- Our History
Living, Working, and Serving Together
To Make Winnsboro the Most Welcoming Place for Visitors, Businesses, and Residents to Call Home
Located in Northeast Texas, Winnsboro is a quiet community that treasures its past while embracing the future.
No matter the time of year, Winnsboro and its neighboring towns wait to make your visit a relaxing escape. Come in the spring to see the glorious dogwoods in bloom. Visit in the summer to enjoy world-class fishing, camping, or boating. Drive down quiet country roads in the fall to see an explosion of color during Autumn Trails. In the winter, bring your family to the Piney Woods for an old-fashioned Christmas tradition - cutting your own tree at a tree farm.
Located halfway between Dallas and Texarkana (just South of Interstate 30), Winnsboro always offers a hometown welcome. Enjoy the relaxed country atmosphere and friendly neighbors. You may find that you want to stay and call Winnsboro home.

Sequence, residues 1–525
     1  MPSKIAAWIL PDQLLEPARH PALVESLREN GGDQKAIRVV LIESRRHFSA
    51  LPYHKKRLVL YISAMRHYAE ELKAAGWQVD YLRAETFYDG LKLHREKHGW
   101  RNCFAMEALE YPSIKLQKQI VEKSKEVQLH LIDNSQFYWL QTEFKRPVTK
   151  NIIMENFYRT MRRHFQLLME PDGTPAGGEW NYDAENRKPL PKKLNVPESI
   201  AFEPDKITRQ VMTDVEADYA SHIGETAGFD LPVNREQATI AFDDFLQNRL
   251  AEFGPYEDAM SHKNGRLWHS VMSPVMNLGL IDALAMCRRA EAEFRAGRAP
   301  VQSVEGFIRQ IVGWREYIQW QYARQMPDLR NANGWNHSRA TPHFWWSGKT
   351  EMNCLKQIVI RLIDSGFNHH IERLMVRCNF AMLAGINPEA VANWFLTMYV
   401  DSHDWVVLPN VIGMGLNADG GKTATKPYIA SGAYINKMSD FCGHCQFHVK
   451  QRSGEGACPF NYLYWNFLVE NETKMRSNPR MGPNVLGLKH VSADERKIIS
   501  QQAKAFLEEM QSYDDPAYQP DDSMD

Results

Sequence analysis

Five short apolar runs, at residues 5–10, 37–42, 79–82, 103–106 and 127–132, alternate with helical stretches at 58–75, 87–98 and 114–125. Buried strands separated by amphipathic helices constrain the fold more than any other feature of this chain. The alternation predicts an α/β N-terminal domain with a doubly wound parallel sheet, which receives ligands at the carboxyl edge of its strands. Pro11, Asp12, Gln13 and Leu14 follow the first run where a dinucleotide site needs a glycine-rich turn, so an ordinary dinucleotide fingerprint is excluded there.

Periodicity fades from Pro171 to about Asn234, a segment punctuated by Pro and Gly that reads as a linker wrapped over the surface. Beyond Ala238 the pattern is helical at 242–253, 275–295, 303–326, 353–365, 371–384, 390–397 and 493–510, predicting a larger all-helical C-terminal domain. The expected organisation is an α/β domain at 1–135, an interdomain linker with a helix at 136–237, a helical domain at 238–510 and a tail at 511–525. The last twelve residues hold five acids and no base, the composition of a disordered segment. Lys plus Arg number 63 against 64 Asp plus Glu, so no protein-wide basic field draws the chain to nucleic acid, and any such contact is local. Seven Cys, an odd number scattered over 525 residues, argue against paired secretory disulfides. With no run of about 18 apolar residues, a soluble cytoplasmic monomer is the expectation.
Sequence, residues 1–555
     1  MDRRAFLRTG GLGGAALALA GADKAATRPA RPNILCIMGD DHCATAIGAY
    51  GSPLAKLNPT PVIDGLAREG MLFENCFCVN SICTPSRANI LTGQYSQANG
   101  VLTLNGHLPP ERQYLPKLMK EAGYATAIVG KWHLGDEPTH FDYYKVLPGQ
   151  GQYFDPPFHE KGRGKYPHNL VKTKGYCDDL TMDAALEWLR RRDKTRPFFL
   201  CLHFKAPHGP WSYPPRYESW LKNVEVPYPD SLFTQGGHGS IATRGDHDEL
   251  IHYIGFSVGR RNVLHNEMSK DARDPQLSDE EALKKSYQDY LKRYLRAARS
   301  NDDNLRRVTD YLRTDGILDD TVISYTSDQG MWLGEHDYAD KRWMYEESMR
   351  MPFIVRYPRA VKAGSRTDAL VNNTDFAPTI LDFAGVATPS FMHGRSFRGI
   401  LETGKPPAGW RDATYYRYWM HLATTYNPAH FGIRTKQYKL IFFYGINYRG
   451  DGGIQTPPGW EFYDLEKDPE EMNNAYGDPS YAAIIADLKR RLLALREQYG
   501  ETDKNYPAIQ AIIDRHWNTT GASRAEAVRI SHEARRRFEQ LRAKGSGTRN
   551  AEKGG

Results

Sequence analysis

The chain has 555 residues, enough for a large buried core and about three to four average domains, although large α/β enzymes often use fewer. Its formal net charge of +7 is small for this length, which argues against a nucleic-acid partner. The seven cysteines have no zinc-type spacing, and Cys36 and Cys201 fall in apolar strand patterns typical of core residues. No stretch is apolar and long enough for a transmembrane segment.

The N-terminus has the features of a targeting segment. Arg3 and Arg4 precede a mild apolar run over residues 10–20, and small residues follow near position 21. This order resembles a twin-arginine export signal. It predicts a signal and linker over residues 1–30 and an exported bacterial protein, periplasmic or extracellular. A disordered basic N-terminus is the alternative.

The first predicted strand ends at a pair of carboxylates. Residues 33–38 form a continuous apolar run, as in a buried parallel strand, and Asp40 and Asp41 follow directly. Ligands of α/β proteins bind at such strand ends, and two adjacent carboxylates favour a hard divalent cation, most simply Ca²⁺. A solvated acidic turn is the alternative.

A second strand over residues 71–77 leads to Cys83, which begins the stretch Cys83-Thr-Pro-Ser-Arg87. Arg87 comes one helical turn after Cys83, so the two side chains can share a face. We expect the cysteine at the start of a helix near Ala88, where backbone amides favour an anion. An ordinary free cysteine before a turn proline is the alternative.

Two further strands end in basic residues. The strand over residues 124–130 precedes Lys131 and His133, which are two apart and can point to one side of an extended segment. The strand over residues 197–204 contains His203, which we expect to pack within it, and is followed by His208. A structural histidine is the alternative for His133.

The Crossroads of East Texas
Winnsboro's rich and varied history extends from the days of the Caddo Indians to the French settlements and from the wild logging era to the rather calm visits of Bonnie Parker and Clyde Barrow.
The land on which the town is located was first surveyed by Gray B. King in 1835, and carved from the State of Caohuila and Texas, then a state under the Mexican government. The location sits astride the boundary between the Louisiana Territory and Old Mexico and equidistant from Dallas, Shreveport, and Texarkana.
John E. Winn and W.R. McMillan, our first settlers, came to Winnsboro prior to 1854. They traveled through Crossroads -- the original name of the town -- were attracted to the rich land on the edge of the Piney Woods, and purchased 351 acres in the Gray B. King tract. They opened the first post office in 1855, along with their mercantile business. The town of Crossroads was open for business.
Citizens soon changed the name to "Winnsborough," in honor of the original founder (John Winn). It retained that spelling until 1889, when the government changed the spelling to "Winnsboro."
The original crossroads were approximately three blocks to the North at Main and Pine streets. When the railroad arrived in 1898, the main intersection naturally migrated to the South.
Today, Winnsboro is a quiet East Texas community of 3,584 citizens. It remains the "hub," or centralized location, for many other East Texas cities starting with Greenville to the West, Mount Vernon to the North, Pittsburgh to the East, and Quitman and Mineola to the South.